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The successes and pitfalls: Deep learning effectiveness in a Chernobyl field camera trap application
  • Rachel Maile,
  • Matthew Duggan,
  • Timothy Mousseau
Rachel Maile
University of South Carolina
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Matthew Duggan
Cornell University
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Timothy Mousseau
University of South Carolina
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Camera traps have recently become in-situ sensors for collecting information on animal abundance and occupancy estimates. When deployed over a large landscape, camera traps have become ideal for measuring the health of ecosystems, particularly in unstable habitats where it can be dangerous or even impossible to observe with conventional methods. However, manual processing of imagery is extremely time and labor intensive. Due to this, many studies have started to employ the use of machine learning tools, such as convolutional neural networks (CNNs), with the presumption that a large number of images (millions) is needed to devise an effective identification or classification model. We examined specific factors pertinent to camera trap placement in the field that may influence the accuracy metrics of a deep learning model that has been trained with a small set of images. False negatives and false positives may occur due to a variety of reasons that make it hard even for a human observer to classify, including local weather patterns and degree of light present. We trained a CNN to detect 16 different object classes (14 animal species, humans, and fires) across 9,576 images taken from camera traps placed in the Chernobyl Exclusion Zone. After analyzing wind speed, cloud cover, and temperature, there was a significant relationship with CNN error and temperature. Furthermore, we found that the model was more successful when images were taken during the day as well as when precipitation is not present. Given the relationship between the influencing variables studied and model error rates, it will be important to obtain a wider breadth of events in differing weather and daytime factors for future classification models. This study suggests further exploration into the causes of error in classification modeling is necessary given the unique challenges posed by the analysis of camera trap imagery.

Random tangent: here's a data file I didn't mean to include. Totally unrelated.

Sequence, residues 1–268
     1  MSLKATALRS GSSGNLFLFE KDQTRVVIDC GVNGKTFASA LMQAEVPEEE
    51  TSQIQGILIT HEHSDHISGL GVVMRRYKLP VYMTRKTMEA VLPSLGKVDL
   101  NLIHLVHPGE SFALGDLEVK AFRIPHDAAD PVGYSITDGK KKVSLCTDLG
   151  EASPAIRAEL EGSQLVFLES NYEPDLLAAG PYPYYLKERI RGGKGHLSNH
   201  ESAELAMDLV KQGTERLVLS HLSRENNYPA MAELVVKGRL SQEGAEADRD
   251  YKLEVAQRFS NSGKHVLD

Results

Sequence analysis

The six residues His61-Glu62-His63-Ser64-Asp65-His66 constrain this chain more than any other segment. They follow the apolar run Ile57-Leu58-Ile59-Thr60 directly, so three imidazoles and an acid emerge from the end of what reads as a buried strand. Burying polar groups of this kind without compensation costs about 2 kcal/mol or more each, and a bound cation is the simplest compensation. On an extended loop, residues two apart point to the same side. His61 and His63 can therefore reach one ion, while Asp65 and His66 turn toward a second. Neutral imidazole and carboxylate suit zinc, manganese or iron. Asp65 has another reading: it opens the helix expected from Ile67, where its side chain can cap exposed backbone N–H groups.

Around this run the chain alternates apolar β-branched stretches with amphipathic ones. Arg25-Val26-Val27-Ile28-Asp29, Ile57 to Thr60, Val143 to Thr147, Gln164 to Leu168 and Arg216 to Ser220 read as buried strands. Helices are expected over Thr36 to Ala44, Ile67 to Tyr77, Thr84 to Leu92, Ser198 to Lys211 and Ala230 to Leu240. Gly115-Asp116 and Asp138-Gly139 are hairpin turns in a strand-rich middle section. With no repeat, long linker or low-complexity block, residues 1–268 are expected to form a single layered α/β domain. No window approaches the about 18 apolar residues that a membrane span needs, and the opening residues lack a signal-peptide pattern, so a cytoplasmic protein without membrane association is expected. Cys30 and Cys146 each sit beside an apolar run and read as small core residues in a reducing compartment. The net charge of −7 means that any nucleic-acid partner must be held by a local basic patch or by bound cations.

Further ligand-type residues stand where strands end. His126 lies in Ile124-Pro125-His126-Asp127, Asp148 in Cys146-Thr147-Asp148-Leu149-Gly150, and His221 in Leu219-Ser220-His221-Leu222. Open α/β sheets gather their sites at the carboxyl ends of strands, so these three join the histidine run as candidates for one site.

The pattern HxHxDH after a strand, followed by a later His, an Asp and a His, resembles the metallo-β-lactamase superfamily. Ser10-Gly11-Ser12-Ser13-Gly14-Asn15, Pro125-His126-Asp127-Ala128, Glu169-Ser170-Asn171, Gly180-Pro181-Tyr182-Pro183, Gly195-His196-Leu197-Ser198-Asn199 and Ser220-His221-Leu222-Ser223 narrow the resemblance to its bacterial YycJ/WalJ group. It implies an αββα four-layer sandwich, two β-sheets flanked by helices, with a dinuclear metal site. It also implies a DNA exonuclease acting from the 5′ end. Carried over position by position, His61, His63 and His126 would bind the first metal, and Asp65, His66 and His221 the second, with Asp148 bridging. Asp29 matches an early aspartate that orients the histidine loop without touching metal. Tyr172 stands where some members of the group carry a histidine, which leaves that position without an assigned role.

01 Sep 2022Submitted to Ecology and Evolution
01 Sep 2022Assigned to Editor
01 Sep 2022Submission Checks Completed
06 Sep 2022Reviewer(s) Assigned